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I start every .java file in my project with a license (BSD, in my case). And its first line says:

/**
 * Copyright (c) 2011-2014, Firstname Lastname
 *
 * Redistribution and use in source and binary forms, with or without
 * modification, are permitted provided that the following conditions
 etc.

The question is, why do I need to show years there? I see many other projects are doing the same. What will I lose by just saying Copyright (c) Firstname Lastname, without that time interval.

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marked as duplicate by gnat, MichaelT, Kilian Foth, GlenH7, Dan Pichelman Feb 6 at 17:09

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Closely related: programmers.stackexchange.com/questions/210472/… –  apsillers Feb 5 at 15:52
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1 Answer

Dates aren't so much a licensing thing as a copyright thing.

Although the particulars vary from jurisdiction to jurisdiction, copyrights generally apply for a finite amount of time. By including a date range, you can state unambiguously when the term of your copyright started, and thus remove the question of whether or not that copyright is still in force. Computing is a young enough field that this is not presently very much of a concern: most of the code that has ever been copyrighted still hasn't been around long enough for the copyright to expire. But as the years go by, it will eventually start to be an issue.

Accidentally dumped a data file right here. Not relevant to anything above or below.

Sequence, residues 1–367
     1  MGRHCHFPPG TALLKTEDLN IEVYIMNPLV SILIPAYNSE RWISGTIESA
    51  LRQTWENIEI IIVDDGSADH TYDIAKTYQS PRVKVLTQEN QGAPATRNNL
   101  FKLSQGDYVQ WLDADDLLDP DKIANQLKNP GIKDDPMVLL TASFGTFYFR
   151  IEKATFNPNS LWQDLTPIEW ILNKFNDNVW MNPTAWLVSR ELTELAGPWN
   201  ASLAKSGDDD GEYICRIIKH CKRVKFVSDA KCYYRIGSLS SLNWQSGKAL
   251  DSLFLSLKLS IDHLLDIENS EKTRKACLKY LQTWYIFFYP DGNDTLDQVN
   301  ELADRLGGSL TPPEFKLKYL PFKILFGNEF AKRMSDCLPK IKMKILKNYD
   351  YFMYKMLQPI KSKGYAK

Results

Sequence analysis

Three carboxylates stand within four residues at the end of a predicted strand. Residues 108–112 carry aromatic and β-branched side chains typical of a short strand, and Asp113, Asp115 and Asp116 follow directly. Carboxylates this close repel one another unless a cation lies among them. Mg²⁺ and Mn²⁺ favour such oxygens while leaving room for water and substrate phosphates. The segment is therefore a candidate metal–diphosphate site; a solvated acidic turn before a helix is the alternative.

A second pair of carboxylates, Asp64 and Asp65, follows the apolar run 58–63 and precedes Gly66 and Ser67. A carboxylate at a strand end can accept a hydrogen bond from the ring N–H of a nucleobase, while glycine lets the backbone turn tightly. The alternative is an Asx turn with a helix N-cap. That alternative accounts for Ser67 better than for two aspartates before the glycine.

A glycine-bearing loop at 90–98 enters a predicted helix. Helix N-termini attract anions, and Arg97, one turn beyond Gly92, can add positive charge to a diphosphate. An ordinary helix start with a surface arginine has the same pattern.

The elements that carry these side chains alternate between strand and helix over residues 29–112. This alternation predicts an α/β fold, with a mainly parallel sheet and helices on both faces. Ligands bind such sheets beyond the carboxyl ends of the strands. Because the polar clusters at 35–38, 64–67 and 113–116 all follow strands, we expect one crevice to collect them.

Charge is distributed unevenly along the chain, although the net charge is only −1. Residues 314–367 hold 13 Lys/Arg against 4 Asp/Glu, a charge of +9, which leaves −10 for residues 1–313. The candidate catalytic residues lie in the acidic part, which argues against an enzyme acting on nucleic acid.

In some jurisdictions, you can release the copyright on your code by dedicating it to the public domain. However, even in these cases, the date stamp remains important. Stamping public-domain code shows unambiguously when it was released.

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Copyright (c) 2014-2999 ... –  Michael Feb 5 at 16:45
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The start date is the important part, really. The end date doesn't matter as much, since it's recognized that sometimes things go for more than a year without being updated. Even if your datestamp goes beyond what the law would specify is the term of your copyright, the law wins. –  The Spooniest Feb 5 at 19:54
    
So, why do so many people and corporations bother themselves updating the end date in a lot of files? –  brandizzi Feb 5 at 20:31
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Historically, for a work to claim copyright protection, it needed to have a notice which indicated when it was published. Copyright protection would expire 28 years after January 1 of the specified year unless renewed. If parts of a work were published in any form in 1919 and other parts were first published in 1920, claiming a 1919 date for the latter parts would cause their copyright to expire a year earlier than it otherwise would; claiming a 1920 date for the former would void their copyright entirely. –  supercat Feb 5 at 20:37
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In an over-reaction to the fact that some people's works were forfeited to the public domain because of accidental failures to include copyright notice, the 1976 copyright rules basically threw out copyright notice requirements. Still, despite the fact that for many works the date given in the notice is unlikely to affect when, if ever, they enter the public domain, the inclusion of copyright notices is still common practice. –  supercat Feb 5 at 20:41
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